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Doing More With Less: Energy Efficiency in Canada

Canada is currently one of the most energy-intensive OECD countries, and as it transitions toward a lower-carbon future, improved energy efficiency could contribute to efforts to address climate change by reducing both energy use and growth in energy demand. Canada could reduce its energy consumption by as much as 15 per cent from current levels by 2035 if it was to pursue energy efficiency improvements more aggressively. Key residential areas for potential energy savings include lighting, space heating, and household electronics; in the commercial sector, lighting, computers, and HVAC equipment hold the most promise. But while improved efficiency can help lower Canadian energy demand, it is not a complete solution to help Canada meet its greenhouse gas emissions reduction goals.


Electrical wall plug  

Canada’s Electric Utilities Industry

Behind the delivery of electricity to our residences and workplaces lies a vast supply chain of infrastructure and a complex, robust, and economically important sector: Canada’s electric utilities industry. In 2016, this industry (including generation, transmission, and distribution) contributed nearly $30 billion to Canada’s gross domestic product (GDP) and employed around 100,000 workers across the country. Investments in the industry were near all-time highs, exceeding $19 billion last year and accounting for over 10 per cent of Canada’s total non-residential business investment.

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Territorial Outlook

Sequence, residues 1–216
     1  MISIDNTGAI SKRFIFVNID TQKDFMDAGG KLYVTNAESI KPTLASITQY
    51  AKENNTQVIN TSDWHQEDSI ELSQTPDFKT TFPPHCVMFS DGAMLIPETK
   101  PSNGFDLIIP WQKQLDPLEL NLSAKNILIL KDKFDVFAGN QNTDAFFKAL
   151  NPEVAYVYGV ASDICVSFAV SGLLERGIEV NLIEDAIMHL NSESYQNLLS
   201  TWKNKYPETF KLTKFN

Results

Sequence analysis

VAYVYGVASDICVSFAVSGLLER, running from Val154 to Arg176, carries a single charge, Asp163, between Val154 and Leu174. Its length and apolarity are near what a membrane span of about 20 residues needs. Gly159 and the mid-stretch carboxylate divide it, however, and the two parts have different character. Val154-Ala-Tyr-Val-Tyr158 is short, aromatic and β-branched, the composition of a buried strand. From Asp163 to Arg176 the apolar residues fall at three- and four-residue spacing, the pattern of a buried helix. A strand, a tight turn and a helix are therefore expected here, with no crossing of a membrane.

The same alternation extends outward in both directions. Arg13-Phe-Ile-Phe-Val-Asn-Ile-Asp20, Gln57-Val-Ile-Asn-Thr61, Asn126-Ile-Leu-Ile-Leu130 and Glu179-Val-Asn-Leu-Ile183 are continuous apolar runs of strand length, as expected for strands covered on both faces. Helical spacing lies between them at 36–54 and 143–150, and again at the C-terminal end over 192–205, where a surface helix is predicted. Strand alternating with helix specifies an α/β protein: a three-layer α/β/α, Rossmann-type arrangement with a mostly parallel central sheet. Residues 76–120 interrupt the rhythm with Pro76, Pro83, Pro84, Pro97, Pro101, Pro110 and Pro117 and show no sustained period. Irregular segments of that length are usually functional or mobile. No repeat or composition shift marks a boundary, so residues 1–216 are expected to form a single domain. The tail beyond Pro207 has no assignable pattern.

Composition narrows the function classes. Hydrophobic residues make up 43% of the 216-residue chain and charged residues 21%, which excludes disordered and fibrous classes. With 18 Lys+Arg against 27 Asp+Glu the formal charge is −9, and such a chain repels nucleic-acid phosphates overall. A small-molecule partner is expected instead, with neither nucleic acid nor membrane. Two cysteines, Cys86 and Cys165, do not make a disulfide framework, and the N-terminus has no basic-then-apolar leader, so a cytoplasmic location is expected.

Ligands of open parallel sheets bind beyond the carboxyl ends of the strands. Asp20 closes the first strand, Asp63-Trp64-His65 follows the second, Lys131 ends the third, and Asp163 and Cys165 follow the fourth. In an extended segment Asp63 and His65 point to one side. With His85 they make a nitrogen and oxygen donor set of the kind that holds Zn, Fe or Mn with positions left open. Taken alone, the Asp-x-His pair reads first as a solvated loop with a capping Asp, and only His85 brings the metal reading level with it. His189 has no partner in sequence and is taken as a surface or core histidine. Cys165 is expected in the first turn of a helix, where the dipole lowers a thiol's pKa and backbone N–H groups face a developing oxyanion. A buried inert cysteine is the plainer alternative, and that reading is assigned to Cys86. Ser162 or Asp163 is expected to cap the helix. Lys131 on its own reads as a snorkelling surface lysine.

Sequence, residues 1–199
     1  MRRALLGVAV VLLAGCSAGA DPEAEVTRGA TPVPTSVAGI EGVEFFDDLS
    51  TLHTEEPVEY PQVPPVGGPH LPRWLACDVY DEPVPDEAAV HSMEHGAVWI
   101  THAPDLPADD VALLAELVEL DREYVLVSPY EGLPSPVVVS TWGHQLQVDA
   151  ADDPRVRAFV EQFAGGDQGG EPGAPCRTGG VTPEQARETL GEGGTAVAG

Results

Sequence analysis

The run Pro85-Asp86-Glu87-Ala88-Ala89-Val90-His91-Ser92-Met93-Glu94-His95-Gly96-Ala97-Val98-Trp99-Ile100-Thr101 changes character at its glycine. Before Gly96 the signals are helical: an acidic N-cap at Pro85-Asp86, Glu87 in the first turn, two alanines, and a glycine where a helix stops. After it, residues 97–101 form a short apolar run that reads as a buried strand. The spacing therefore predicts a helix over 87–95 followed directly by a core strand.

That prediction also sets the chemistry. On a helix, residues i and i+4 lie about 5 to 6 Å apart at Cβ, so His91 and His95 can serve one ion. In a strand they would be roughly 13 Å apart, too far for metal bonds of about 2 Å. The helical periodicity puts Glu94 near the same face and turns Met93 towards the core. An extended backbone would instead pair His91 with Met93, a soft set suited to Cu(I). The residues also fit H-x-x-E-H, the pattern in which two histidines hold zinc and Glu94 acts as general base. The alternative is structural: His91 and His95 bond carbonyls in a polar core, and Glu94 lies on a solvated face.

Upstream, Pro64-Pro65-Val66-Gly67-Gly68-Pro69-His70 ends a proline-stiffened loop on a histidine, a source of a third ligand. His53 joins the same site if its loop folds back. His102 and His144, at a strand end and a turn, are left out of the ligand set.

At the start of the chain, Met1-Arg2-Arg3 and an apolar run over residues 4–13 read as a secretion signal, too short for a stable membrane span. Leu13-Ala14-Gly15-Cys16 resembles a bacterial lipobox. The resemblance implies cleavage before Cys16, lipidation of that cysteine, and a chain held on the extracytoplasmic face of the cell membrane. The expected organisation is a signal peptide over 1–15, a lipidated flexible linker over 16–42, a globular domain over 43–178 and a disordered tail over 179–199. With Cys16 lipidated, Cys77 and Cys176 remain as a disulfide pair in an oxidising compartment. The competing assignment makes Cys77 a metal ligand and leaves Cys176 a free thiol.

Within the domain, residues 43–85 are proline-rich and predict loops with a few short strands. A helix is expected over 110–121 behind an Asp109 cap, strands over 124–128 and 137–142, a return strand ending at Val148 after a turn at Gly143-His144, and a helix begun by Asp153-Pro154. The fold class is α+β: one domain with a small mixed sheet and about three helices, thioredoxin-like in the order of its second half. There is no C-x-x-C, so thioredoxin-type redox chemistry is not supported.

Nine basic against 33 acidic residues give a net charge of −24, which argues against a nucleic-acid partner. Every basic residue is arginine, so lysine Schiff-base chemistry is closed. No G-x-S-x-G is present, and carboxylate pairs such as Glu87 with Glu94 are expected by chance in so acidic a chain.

Economic prospects for the territories are improving thanks to higher prices for metals, precious metals, and diamonds. While financing conditions in the mining sector remain difficult, they should improve with several projects set to get under way before the end of the decade. Yukon can expect a mild contraction of 0.7 per cent this year, followed by strong growth between 2018–20. The Gahcho Kué diamond mine is entering full production in 2017, fuelling GDP growth of 12.2 per cent in the Northwest Territories this year. Nunavut’s economy will expand by 6.4 per cent this year thanks to planned mineral production increases at Meadowbank and Mary River.

Woman with arms around her senior mother  

Balancing Work and Eldercare in Canada

Over one-quarter of employed Canadians provide care and assistance to an elderly family member, which may cause significant physical, emotional, and financial pressures. Employees struggling to balance work and eldercare may experience elevated stress levels, absenteeism, and work interruptions, including missing work, receiving and making phone calls related to eldercare, and worrying about the care recipient while at work. Eldercare obligations cost Canadian organizations an estimated $1.28 billion per year in lost productivity. Despite these substantial costs and implications, formal eldercare programs are uncommon in Canadian organizations.

Construction crane  

Metropolitan Outlook

The weaker Canadian dollar and solid U.S. demand continue to provide a lift to several metropolitan economies in Ontario and Quebec, especially to their export-oriented manufacturing industries. Oshawa and Windsor are expected to boast the fastest-growing economies among the 15 cities covered in the summer edition of our Metropolitan Outlook, with growth of 2.5 per cent forecast for both cities this year. The remaining cities in the report can expect growth between 0.2 and 2.3 per cent in 2017, although St. John’s, N.L., will continue to struggle, contracting by 1.1 per cent.